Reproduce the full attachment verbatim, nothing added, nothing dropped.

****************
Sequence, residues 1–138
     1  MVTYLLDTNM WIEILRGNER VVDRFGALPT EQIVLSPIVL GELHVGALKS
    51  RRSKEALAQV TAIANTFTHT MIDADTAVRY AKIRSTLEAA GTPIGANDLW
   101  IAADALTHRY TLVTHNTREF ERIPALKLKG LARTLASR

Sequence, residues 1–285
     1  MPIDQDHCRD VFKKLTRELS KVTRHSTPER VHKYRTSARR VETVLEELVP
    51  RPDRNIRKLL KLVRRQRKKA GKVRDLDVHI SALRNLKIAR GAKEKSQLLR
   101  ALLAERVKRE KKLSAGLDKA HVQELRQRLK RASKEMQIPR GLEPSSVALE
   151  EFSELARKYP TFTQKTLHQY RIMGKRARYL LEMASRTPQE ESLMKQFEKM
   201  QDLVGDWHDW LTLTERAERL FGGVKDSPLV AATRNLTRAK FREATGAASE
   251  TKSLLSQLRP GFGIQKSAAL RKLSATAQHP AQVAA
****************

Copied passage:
Sequence, residues 1–138
     1  MVTYLLDTNM WIEILRGNER VVDRFGALPT EQIVLSPIVL GELHVGALKS
    51  RRSKEALAQV TAIANTFTHT MIDADTAVRY AKIRSTLEAA GTPIGANDLW
   101  IAADALTHRY TLVTHNTREF ERIPALKLKG LARTLASR

Sequence, residues 1–285
     1  MPIDQDHCRD VFKKLTRELS KVTRHSTPER VHKYRTSARR VETVLEELVP
    51  RPDRNIRKLL KLVRRQRKKA GKVRDLDVHI SALRNLKIAR GAKEKSQLLR
   101  ALLAERVKRE KKLSAGLDKA HVQELRQRLK RASKEMQIPR GLEPSSVALE
   151  EFSELARKYP TFTQKTLHQY RIMGKRARYL LEMASRTPQE ESLMKQFEKM
   201  QDLVGDWHDW LTLTERAERL FGGVKDSPLV AATRNLTRAK FREATGAASE
   251  TKSLLSQLRP GFGIQKSAAL RKLSATAQHP AQVAA